SV: Capacity of the brain
eugene.leitl at lrz.uni-muenchen.de
Wed Sep 15 15:16:12 EST 1999
Tim Tyler writes:
> : that's why any 'normal' nervous system will always 'kick the butt' of any
> : formerly-'normal' nervous system that has anything shoved in-there.
> But this is hardly right. A coprocessor to perform mathematical
> operations could massively outperform neurons on the same task. Basically
It depends on the complexity. As soon as you need a lot of atomic
operations (=require nontrivial complexity) wetware starts to
outperform you because it does things mostly via massively parallel
You'd need a room filled with most current DSPs burning MW of power to
achieve what the bee does within a cubic mm on a uW budget.
> we can design the guts of such a co-processor relatively easily, while we
> have no idea how to go about building one out of wet neurons in any
> reasonable timescale.
If you don't know how design them, GA-grow them.
> Your point about signal distances does not apper to be relevant - a
> maths co-processor could take up very little space. /Perhaps/ the
Relativistic latency is always relevant at the high end, regardless of
> space would be better occupied with neurons - but no-one knows how to go
> about building a "neuronal" maths co-processor, while a silicon one can
> at least be envisaged today.
If you don't know how to do it it doesn't mean anyone else doesn't.
> Also, silicon substrates are inherently better than brain material at
> performing large numbers of sequential calculations rapidly. If you have
Connectionist architectures are not particular to any substrate. You
can very well go neuronal with buckytube logic.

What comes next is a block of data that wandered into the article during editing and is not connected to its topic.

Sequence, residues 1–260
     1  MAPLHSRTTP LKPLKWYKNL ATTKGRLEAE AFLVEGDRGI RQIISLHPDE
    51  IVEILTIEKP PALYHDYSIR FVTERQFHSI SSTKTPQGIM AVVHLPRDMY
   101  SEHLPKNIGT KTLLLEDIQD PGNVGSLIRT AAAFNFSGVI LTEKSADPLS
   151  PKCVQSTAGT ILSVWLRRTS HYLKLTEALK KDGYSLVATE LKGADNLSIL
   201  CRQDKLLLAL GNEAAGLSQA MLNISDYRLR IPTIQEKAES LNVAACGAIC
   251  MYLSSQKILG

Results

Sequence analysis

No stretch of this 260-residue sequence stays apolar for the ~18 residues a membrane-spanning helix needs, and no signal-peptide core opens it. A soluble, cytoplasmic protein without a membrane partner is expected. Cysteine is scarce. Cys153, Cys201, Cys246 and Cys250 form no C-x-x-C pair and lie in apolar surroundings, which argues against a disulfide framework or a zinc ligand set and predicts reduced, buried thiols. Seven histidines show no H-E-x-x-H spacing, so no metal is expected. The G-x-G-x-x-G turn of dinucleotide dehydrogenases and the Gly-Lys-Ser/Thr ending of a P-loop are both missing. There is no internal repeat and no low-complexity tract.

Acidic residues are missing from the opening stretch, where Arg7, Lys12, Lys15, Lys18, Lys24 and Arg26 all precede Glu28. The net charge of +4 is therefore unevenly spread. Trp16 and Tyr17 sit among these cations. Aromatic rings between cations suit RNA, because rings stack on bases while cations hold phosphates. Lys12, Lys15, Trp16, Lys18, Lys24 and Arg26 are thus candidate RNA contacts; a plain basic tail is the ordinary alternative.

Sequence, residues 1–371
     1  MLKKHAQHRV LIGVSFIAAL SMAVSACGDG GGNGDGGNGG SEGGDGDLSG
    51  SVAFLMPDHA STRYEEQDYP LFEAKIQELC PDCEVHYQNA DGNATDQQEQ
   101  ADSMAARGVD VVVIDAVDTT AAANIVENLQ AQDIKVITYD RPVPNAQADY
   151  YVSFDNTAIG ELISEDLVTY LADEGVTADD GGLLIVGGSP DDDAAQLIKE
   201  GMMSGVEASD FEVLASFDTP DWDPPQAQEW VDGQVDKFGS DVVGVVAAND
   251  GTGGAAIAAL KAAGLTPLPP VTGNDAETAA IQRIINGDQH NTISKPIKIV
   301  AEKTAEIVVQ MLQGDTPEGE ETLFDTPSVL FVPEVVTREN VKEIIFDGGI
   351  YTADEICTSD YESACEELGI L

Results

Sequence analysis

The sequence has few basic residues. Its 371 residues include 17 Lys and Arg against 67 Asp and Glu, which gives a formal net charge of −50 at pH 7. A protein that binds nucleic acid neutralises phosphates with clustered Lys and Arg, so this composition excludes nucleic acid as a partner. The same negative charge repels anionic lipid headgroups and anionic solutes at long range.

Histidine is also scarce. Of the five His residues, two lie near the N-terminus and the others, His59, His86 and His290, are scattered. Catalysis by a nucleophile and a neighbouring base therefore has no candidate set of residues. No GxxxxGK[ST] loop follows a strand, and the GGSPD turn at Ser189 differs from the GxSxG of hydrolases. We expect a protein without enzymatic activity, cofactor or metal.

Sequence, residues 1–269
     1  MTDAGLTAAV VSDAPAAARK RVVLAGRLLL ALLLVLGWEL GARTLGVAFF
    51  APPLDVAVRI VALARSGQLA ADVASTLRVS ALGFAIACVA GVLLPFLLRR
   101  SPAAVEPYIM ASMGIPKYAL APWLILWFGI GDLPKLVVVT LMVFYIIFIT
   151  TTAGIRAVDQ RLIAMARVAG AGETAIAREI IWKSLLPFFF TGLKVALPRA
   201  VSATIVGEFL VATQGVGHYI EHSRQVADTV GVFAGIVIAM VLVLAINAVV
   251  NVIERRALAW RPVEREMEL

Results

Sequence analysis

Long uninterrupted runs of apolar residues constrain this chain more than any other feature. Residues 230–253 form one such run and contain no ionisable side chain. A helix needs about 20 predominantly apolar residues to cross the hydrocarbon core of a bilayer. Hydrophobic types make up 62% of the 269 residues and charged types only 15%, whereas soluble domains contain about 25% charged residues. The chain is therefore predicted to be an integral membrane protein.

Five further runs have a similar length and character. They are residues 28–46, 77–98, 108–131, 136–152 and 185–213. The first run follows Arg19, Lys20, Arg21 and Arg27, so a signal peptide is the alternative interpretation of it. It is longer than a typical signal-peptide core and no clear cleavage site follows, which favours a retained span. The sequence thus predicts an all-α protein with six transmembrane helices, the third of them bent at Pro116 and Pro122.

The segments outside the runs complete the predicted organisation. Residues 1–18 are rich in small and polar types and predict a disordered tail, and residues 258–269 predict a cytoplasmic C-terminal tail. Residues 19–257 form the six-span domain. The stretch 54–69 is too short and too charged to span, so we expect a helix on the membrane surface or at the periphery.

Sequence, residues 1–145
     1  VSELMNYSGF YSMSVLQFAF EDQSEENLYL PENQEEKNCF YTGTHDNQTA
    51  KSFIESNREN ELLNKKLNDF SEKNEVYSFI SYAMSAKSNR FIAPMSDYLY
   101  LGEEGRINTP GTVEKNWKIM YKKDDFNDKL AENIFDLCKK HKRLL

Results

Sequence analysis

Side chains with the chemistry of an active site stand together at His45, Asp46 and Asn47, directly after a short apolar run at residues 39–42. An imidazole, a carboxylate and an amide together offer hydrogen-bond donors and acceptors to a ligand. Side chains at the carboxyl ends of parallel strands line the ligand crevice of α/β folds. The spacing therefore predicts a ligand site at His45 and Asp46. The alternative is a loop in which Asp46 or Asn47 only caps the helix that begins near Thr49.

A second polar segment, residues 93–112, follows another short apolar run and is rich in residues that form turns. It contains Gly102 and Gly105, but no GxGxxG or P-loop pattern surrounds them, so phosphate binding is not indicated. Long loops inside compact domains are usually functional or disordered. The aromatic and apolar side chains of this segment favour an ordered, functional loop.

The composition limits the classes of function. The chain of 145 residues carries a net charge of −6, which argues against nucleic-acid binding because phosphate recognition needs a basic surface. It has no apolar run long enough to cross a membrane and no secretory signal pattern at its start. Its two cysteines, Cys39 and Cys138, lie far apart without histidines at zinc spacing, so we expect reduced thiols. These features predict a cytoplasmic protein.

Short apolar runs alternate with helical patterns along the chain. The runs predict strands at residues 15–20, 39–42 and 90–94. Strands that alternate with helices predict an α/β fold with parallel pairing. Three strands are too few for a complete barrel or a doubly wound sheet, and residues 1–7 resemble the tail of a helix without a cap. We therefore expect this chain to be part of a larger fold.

> a problem that *requires* fast, serial computations, a neural net is
Fortunately the number of problems which must be done in above way is
negligeable. Humanity has a strange bias towards sequential stuff,
this trend will be reversed within the next decades.
> simply not the right sort of architecture to use - but it is practically
> the /only/ type of circuiry you can build from neurons.
Biological neurons != artificial neurons.
> Kurzweil has machines supassing human brain material somewhere around the
> middle of the 21st century. I should think that - according to him - it
> will simply be more efficient use of the available space to scoop out the
> bulky, slow, neurons and replace them with modern nanotech crystalline
> computational hardware ;-)
Sound idea, unfortunately pretty tough to do in vivo.
> : if folks go at it on an evolutionary 'time' scale, will they 'get lucky'?
> : nope, 'cause, during all that 'time', 'normal' nervous systems'll 'just' be
> : getting better... there's a bit of Xeno in-there :-)
> This doesn't necessarily follow either. Normal nervous systems can only
> evolve at the rate of the species that owns them. By contrast simulated
> evolution can go through hundreds of generations in a second on a single
> computer for some tasks.
I don't think anybody actually proposes to do anything with wetware,
but the time gene plumbing can do that it will be made obsolete by nano.
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